Keeping Your Employees Healthy This Flu Season

Have you ever worked at a company when flu season rolls around and the entire office gets sick? This can create huge problems for small business owners. In larger companies the effects of employee absences may be diluted. However, one sick person in a small office can cause business to be lost. As a small business owner you should have a game plan for this dreaded time of the year. This will ensure that illnesses such as the flu do not negatively impact your daily operations or bottom line.

Still not convinced? A new survey of administrative personnel conducted by Staples, shows that 70% of employees admit to coming in to work while sick. The survey also found that only 15% of workers clean or wipe off their workspace daily. One way to curb this challenge is to readily provide cleaning supplies to employees. A quick phone, doorknob, keyboard, desk, and mouse wipe down with a sanitizing cloth should do the trick. Other tips from the Center for Disease Control are as follows:

  • Avoid people who are coughing.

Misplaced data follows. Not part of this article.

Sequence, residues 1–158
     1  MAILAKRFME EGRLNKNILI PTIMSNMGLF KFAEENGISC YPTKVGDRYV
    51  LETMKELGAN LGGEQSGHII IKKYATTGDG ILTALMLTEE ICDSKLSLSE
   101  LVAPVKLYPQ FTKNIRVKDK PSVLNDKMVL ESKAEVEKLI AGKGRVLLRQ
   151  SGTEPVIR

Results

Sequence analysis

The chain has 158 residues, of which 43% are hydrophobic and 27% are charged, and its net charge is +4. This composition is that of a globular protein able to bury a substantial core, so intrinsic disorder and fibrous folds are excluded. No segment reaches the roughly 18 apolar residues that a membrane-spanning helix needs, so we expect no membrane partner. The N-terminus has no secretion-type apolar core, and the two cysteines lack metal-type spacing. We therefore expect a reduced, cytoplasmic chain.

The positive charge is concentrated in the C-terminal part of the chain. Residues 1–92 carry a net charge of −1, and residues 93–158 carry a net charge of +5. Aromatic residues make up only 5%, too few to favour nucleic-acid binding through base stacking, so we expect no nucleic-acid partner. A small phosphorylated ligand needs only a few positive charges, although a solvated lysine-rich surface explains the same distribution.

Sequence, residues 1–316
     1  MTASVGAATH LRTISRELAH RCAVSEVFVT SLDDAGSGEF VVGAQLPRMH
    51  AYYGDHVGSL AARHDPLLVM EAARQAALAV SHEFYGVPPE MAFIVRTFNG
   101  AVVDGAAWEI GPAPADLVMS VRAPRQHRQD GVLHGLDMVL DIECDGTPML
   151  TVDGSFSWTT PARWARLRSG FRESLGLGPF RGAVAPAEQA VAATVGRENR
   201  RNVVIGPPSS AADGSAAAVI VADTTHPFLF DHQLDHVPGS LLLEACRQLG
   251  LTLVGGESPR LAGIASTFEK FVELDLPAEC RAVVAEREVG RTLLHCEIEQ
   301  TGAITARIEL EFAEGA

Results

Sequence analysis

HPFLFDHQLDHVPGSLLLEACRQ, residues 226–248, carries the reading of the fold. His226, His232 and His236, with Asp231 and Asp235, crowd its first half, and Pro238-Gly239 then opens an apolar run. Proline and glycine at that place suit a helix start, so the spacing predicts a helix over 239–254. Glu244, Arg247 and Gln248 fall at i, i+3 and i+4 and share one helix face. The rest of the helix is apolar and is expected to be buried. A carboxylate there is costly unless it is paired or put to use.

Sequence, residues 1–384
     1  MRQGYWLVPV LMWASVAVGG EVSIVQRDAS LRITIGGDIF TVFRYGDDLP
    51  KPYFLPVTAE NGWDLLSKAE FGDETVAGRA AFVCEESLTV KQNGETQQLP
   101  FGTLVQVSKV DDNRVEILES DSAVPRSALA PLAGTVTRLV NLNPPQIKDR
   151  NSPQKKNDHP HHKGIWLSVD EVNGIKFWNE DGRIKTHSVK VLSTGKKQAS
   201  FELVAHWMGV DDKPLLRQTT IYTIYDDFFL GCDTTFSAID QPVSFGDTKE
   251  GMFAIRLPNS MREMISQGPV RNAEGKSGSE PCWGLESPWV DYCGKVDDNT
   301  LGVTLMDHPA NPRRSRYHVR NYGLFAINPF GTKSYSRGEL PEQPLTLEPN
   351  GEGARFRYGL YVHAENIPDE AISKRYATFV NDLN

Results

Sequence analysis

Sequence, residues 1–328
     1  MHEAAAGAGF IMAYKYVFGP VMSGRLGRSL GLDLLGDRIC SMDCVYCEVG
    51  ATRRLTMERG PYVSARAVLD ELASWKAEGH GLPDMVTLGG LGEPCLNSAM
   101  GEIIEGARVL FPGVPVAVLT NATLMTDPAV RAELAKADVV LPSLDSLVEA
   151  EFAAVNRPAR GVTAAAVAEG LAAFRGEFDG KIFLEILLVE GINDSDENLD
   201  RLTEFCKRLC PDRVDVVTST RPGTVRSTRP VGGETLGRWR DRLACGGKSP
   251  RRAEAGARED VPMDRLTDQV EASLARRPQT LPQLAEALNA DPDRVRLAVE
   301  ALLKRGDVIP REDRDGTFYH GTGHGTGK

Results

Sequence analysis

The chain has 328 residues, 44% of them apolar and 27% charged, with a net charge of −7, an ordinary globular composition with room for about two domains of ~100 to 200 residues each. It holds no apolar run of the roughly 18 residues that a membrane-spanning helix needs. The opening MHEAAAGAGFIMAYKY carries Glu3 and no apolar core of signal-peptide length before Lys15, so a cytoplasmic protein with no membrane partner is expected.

• Avoid people who are sick. If you are sick, stay home until you are feeling better.
  • Cough or sneeze into a tissue and then throw the tissue away. If you don’t have a tissue, cough or sneeze into your upper sleeve, not your hands.
  • Frequently wash your hands with soap and water, especially after you cough or sneeze.
  • Get vaccinated against the seasonal flu for individual protection and to limit the spread of flu from person to person.
  • To prevent the spread of germs, do not touch your eyes, nose, or mouth. Touching your face is an easy way for germs to spread.
  • When you’re not by a sink, use alcohol-based hand sanitizers. 

Our advice is to actively encourage employees to stay home upon the first sign of flu symptoms. The employee should stay out of the office for at least 24 hours after their fever has passed. This will prevent the workplace from becoming a “point of spread.” Some employees may be resistant to missing work in fear of falling behind or missing deadlines, burdening their healthy coworkers, or an unwillingness to use up accrued sick days. In order to keep the office healthy, be sure to send sick employees home. Acknowledge their level of commitment to their job, but note that you are looking out for everyone’s best interests. Make sure other staff have been cross trained in order to cover for absent colleagues. And if all else fails, allow sick workers to work from home if they request to do so.

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